I’m a self-confessed Coen Bros. fan. Their kind of storytelling almost always entertains me, mainly because it’s just a bit off from the typical movie you’ll get anywhere else. They embrace the absurd, but not to the extent that you give up on it. It’s more like (for me) that I never know what sort of characters and plots I’ll meet in their films. Heroes might not be that heroic, and they might turn out to be cowards. Villains can do things that genuinely surprise you.
Some of my favorite movies are Coen Bros. affairs. O Brother Where Art Thou is fantastic. True Grit, No Country for Old Men, Big Lebowski, and Miller’s Crossing are all home runs, and I personally love Hudsucker Proxy and Intolerable Cruelty.
This is just to say that when I see a new Coen Bros. movie come out, I’m naturally inclined to watch it soon. The Ballad of Buster Scruggs, just out on Netflix a week or two ago, is a bit of a departure for them. Instead of one movie, it’s a series of 6 short films, all of them western themed. Think of it more as an adaptation of a short story collection, and it makes more sense. I’m going to run down my response to each of them in the order they appear in the film.
The Ballad of Buster Scruggs is classic quirky Coens. A deadly gunslinger who happens to look like a carefree, whistling goof, comes into town. He talks to the camera and sings all the time. It’s quite violent, and completely absurd. It left me wondering what would be coming next, but bemused, at least.
Near Algodones is really well done, but ultimately not as memorable for me. It tells the story of a bank robber and the series of misfortunes that befall him. I enjoyed it well enough, but it didn’t stay with me the same as some of the other tales did.
Meal Ticket was totally brutal. It’s the story of a man who drives a one-cart circus around from town to town. He’s employed a single armless, legless man who happens to give great speeches. But times are clearly tough, and it’s debatable if the operation will stay afloat. This is not a story that will leave you very optimistic about the love of mankind.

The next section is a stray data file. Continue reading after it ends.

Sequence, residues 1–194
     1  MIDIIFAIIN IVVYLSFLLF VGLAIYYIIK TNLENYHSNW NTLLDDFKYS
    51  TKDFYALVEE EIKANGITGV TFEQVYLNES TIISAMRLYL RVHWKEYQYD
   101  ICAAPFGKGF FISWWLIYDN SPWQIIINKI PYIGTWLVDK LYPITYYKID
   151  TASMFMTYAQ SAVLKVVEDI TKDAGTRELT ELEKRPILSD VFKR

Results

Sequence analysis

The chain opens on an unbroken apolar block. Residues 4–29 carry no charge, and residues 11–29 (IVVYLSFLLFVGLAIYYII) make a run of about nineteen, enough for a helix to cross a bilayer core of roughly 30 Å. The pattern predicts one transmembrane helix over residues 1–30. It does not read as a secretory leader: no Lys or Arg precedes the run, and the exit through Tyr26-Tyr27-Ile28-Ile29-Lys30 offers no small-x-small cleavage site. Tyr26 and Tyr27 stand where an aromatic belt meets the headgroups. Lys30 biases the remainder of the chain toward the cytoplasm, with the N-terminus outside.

All Gold Canyon is a beautifully shot film. The story of a gold digger who’s hoping to strike it rich in a place it seems no man has stepped foot in before. But he’s old, and there’s a chance he might just die before he ever finds anything. I liked this one, though it felt a tad . . . gimmicky. Still fantastic to look at.
The Gal Who Got Rattled was one I really loved, and I’m not entirely sure why. The story of a woman riding west with her brother to seek a possible marriage in California. Except (naturally) things don’t quite go according to plan. I think I liked this one so much because of how much it got me to invest in the main characters, and their fate is one that made me keep thinking about it long after the movie was over.
The Mortal Remains is the tale of a group of people in a stagecoach on their way to an unknown destination. Full of classic Coen dialogue, though perhaps a bit heavy on the symbolism. A sort of film that after you watch it, you wonder what it meant, and you try to parse it out, even if it did feel like it tried a bit too hard, in the end.
Overall, I gave the movie a 9/10. I enjoyed myself the entire time watching it. It was thought provoking and entertaining, which isn’t something you get every day. I also really liked the general form of the movie, with each sequence introduced by a colored illustration from a book, along with a subtitle that made you wonder what was in store. Some of those intros turned out to be key to really understanding what was happening.
It’s a violent, bloody film, which is the one reason it’s rated R. No real language or sex–but expect to see people die and be harmed in sometimes inventive ways.
A sign of how strong the films are individually is how wide a range of opinions there are on which are the best and worst of the lot. I personally would rank them:
- Ballad of Buster Scruggs
- The Gal Who Got Rattled
- All Gold Canyon
- Meal Ticket
- Near Algodones
- Mortal Remains
But just going through those, it was very difficult to make some decisions. They’re each strong in their own way.
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